At a recent public meeting, the Nutley Board of Commissioners held a moment of silence for the late Kevin Kennedy, former councilman of Belleville.
No, you didn’t read that wrong, and no, it isn’t a typo or a misstatement. The governing body of a neighboring town, with whom Belleville has had a (sometimes friendly, sometimes not-so-friendly) rivalry, honored a man who didn’t even live or serve in their town.
One might say, “Well, that was very nice of Nutley to do, but surely the Belleville Town Council had a moment of silence for Mr. Kennedy too, right?”
Uh, no, they didn’t.
That our Town Council — upon which Mr. Kennedy served many years — did not show the same respect for him our neighboring town of Nutley did is utterly shameful.
The Belleville Town Council has, for the second time in seven months, failed to act on an opportunity to properly show respect for a deceased community leader. Former Belleville mayor Ray Kimble died in July 2019, and Mr. Kennedy passed away three weeks ago. The Town Council honored neither man with a moment of silence. It bears mentioning that Mayor Michael Melham and Councilpersons-At-Large Thomas Graziano and Naomy De Pena prevailed over incumbents Kimble, Kennedy and their non-incumbent running mate Charlie Hood in the 2018 municipal election.
First Ward Councilwoman Marie Strumolo-Burke, at the end of the most recent Town Council meeting on February 25th, stated that she believed the Town Council should do something in honor of Mr. Kennedy. Mayor Melham stated that the flags were raised at half-mast and mourning bunting was hung for six days and basically told Strumolo-Burke, almost under his breath, “You can do something for him.” The “six days” claim has been disputed; the bunting was up at Town Hall for only two business days, beginning Thursday, February 13th and through the three-day President’s Day weekend, when Town Hall was closed. The bunting was promptly removed on Tuesday, February 18th.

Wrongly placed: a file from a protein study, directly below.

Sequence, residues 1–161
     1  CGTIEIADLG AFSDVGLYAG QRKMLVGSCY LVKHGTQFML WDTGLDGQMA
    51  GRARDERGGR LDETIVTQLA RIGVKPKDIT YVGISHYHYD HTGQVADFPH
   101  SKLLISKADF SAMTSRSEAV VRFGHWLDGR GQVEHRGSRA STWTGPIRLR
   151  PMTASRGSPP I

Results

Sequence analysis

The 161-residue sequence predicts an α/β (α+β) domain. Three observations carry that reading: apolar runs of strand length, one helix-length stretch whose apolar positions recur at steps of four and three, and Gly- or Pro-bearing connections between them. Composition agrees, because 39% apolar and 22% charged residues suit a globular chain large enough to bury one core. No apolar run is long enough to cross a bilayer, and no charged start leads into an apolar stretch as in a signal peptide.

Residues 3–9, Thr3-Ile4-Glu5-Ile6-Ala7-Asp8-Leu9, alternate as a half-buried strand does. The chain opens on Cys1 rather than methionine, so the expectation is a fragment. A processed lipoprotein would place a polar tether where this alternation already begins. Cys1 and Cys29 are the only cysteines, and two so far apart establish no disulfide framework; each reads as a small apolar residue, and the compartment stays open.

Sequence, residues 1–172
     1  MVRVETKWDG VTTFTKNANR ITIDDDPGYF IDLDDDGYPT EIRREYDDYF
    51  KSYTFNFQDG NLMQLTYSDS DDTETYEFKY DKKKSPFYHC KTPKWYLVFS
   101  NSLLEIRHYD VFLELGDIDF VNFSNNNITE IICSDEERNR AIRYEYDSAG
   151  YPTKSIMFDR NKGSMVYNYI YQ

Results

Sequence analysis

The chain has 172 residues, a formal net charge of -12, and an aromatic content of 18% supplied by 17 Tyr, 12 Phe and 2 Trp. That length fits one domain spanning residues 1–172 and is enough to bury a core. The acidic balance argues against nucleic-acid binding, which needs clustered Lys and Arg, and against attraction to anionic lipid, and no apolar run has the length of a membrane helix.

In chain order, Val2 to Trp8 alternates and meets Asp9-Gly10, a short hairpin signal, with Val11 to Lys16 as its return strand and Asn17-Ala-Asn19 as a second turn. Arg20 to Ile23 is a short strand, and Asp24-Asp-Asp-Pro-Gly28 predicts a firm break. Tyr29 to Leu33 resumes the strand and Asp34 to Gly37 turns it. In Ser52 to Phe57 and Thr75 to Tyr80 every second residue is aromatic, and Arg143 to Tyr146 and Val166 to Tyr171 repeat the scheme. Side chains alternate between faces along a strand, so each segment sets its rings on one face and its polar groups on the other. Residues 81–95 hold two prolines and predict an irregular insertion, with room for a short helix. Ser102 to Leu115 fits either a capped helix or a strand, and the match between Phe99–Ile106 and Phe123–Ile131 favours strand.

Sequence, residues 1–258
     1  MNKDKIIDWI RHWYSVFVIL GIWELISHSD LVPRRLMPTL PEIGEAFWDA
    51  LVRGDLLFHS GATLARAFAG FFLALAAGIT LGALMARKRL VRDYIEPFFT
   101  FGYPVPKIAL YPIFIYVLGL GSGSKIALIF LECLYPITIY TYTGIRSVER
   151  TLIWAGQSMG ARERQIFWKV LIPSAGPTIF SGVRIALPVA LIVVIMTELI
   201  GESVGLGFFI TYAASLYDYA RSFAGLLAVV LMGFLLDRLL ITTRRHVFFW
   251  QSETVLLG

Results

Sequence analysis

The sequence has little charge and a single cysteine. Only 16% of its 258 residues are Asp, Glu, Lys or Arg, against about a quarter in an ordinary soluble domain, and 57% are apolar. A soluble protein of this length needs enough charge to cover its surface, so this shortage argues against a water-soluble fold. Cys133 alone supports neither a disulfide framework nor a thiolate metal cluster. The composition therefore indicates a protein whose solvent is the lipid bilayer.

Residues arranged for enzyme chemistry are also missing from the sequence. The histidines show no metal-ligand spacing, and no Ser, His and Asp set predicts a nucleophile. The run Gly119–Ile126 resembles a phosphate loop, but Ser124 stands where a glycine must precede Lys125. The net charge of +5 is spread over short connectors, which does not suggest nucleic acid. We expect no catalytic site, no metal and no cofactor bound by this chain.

Strumolo-Burke’s comment is remarkable when you consider that she and Mr. Kennedy were often at odds, and even were on opposing campaign tickets during the sometimes ugly 2014 municipal election. The kind of simple respect Ms. Strumolo-Burke asked her fellow Town Council members to show seems to be missing in politics today.
What does it say about Belleville’s current leadership when our neighbor and sometimes rival Nutley showed the integrity and decency that our mayor and councilpersons did not?
Even more reprehensible is the silence of most of the councilpersons, four of whom actually served with Councilman Kennedy and Mayor Kimble. With the exception of Ms. Strumolo-Burke’s comment, none of the other councilpersons have spoken up in support of a moment of silence for the two men with whom they had served.
It’s no secret that Belleville politics can be something of a “bloodsport,” as a friend has often described them. With that said, we cannot dispense with common courtesy and respect. Of course there’s a time and place for heated arguments, sharp debate and throwing invective, but politics must not stand in the way of recognizing the good that our late community leaders have done.
In the weeks and months following his election, Mayor Melham spoke openly about taking to task those whom he claimed had spread what he described as untruths and falsehoods about himself and his running mates. He vowed to do what he could to end the political climate of what he terms “Old Belleville.”
Walk your talk, Mr. Mayor. The Town Council can spare a moment to honor the memory of a former mayor, former councilmember or any community leader. Memorial bunting and flags flown at half-mast are the bare minimum to be expected. Set an example for Belleville residents and the council members to show that a “Better Belleville” respects the lives and contributions of those leaders who have come before.